February 03, 2011

Bing Stealing Google Results? Or Users Giving Them Away? Does the Difference Matter?

Greetings. In Google, Bing, and "Darth Toolbar" yesterday, I attempted to dig down into the underlying issues related to Google's accusations of Bing stealing Google search results.

Judging from responses to that posting, and discussions I'm having in other forums, it's obvious that confusion on this topic still reigns.

It's not at all surprising. This is one of the thornier Internet legal/ethical quandaries that I've encountered in quite some time.

At the gut level, it seems evident that what Microsoft is doing with their Bing toolbar is beyond the bounds of ethical propriety -- that is, it stinks. Google puts a great deal of effort into discovery and indexing of uncommon, "long tail" content, and I'll bet Bing's apparent poaching of this data via the Bing toolbar is particularly galling to Google engineers who've worked so hard to find that content in the first place.

However, just because something is unethical it isn't necessarily illegal -- don't we know it! So when we look at all this from a legal standpoint (keeping in mind that I'm not a lawyer, and in fact only an "armchair" ethicist) it's hard not to get mired down with a headache in short order.

At the foundational level, an important question seems to be -- should individual users be prohibited from sharing their search queries and results?

As I suggested in yesterday's posting, an example could be someone who chose to post their searches, and let's say the top few resulting links, on a public "My Interesting Searches" Web page, where all search engines could discover them.

Would this be illegal? Should it be? We're not talking about mass copying of materials by that individual, only the sharing of some aspects of their own specific search activities.

My guess is that in the U.S. at least, attempts to block such sharing of individual search activity data would run into a First Amendment brick wall in short order.

Microsoft would likely argue (in fact, they are asserting) that what their Bing toolbar is doing is much the same thing -- enabling the voluntary sharing of individual search data by individuals, via a process of "looking over their shoulder" at their normal interactions with Google.

It's certainly possible to question the "voluntary" part of this. I suspect that most Bing toolbar users don't have a clue that their non-Bing search activities are feeding to Bing, and many -- perhaps most -- probably wouldn't be pleased if they were aware of such behavior. But we know the story on disclosures. Most people don't read them. If they read them, they often don't usually understand them fully. Toolbars are "pre-checked" options on so many other software installs now that it's easy to not even realize that you've installed one, or more, in the first place.

And we've allowed this situation to fester for years, since it has generally been to the benefit of the toolbar vendors, one way or another. Technically at least, Microsoft's claim of voluntary use might indeed (disgustingly, sadly) pass court muster.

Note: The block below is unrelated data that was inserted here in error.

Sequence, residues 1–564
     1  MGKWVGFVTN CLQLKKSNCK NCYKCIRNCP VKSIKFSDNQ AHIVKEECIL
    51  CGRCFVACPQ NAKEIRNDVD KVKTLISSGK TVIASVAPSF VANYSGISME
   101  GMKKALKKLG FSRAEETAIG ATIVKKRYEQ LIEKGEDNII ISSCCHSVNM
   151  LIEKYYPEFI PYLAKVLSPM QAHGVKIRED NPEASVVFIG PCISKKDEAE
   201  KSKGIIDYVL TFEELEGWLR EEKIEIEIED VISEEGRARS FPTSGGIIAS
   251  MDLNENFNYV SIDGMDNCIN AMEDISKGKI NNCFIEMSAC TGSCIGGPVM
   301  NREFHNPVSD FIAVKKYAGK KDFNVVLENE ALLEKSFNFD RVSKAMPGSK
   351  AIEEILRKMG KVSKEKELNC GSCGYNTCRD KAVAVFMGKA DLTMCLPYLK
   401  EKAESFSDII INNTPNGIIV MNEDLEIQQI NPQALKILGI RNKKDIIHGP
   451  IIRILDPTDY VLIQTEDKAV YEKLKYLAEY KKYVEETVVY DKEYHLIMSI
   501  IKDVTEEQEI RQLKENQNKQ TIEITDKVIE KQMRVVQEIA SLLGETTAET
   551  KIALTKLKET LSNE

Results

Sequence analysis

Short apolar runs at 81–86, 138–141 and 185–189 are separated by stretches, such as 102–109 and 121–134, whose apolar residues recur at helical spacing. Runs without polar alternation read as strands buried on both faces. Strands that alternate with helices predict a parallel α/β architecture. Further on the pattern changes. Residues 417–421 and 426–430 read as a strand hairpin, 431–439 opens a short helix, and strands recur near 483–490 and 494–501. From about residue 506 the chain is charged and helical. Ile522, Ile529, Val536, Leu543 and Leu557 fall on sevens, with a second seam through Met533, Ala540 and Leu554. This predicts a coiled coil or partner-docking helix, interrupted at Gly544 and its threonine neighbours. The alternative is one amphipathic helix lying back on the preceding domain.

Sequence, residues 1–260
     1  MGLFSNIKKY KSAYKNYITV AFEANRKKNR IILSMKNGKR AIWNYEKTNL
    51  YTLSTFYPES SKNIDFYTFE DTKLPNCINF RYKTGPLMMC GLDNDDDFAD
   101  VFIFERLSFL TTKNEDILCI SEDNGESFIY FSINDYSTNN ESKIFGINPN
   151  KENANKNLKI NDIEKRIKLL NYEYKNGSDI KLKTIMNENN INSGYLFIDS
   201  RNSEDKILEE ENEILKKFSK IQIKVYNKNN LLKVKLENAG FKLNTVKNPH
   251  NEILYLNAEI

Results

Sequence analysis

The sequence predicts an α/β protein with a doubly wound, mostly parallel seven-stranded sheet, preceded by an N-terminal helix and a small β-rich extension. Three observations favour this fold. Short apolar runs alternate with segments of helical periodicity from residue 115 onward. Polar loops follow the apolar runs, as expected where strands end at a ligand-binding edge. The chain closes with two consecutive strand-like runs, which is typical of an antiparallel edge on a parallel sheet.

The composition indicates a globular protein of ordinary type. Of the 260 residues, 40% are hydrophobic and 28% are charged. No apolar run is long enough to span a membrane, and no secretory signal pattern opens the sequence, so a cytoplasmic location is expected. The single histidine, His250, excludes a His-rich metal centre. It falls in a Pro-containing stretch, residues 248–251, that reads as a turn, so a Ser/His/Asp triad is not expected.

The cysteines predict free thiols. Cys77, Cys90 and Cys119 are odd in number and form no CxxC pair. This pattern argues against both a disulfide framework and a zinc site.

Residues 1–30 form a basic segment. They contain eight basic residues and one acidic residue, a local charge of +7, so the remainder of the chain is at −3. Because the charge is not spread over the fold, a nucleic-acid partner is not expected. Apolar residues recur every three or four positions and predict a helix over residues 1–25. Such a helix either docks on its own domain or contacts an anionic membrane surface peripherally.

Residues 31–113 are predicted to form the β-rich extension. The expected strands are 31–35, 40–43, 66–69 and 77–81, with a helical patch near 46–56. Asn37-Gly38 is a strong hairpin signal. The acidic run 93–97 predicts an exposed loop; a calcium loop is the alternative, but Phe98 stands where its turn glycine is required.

In essence, Microsoft might claim that what they're doing is "merely" the "crowdsourcing" of individually volunteered search usage data, and that it's no more wrong for them to do this -- e.g., on free speech grounds -- than for individuals to share their personal search activity data with Bing (or anyone else for that matter) through other means.

Would courts buy such a proposition? My assumption is that Microsoft's lawyers looked at this area quite carefully in advance, and that they felt they were on comfortable legal ground, ethical considerations be damned.

I'm not sure that I see on obvious, effective, logical escape route from this legal/ethical conflict that Microsoft has selfishly -- and I might say rather fiendishly -- has foisted upon us.

The interactions and conflicts between free speech rights and intellectual property rights are complex but delicate dances of longstanding. There is much to lose for individuals and other stakeholders on all sides from the outcomes. Microsoft has cleverly pushed the envelope in this case, in such a way as to take advantage of these perplexing issues for their own gain.

We could try pushing back. We could demand even simpler and more prominent disclosures on toolbars, and perhaps that "cross-site" data sharing like that of the Bing toolbar not be enabled by default at installation. Perhaps lawsuits against Microsoft related to this area might get some traction, but their longterm viability and possible collateral effects seem problematic right now at least.

Unless we're willing to take a major and dangerous leap, by trying to place what could be significant new prohibitions on individuals and their rights to share information -- prohibitions that themselves would have to be acceptable to courts -- it is not clear what other measures are immediately available to force the cessation of despicable behaviors like that of Microsoft's Bing toolbar.

Of course, we could simply appeal to Microsoft's own sense of ethics and good corporate citizenship. Given all the negative PR that this entire episode has generated for them, there's always a chance that Microsoft will decide that it's in their own best interests to cease the behaviors under discussion.

Miracles can happen.

Just don't hold your breath.


Posted by Lauren at February 3, 2011 12:24 PM | Permalink
Twitter: @laurenweinstein
Google+: Lauren Weinstein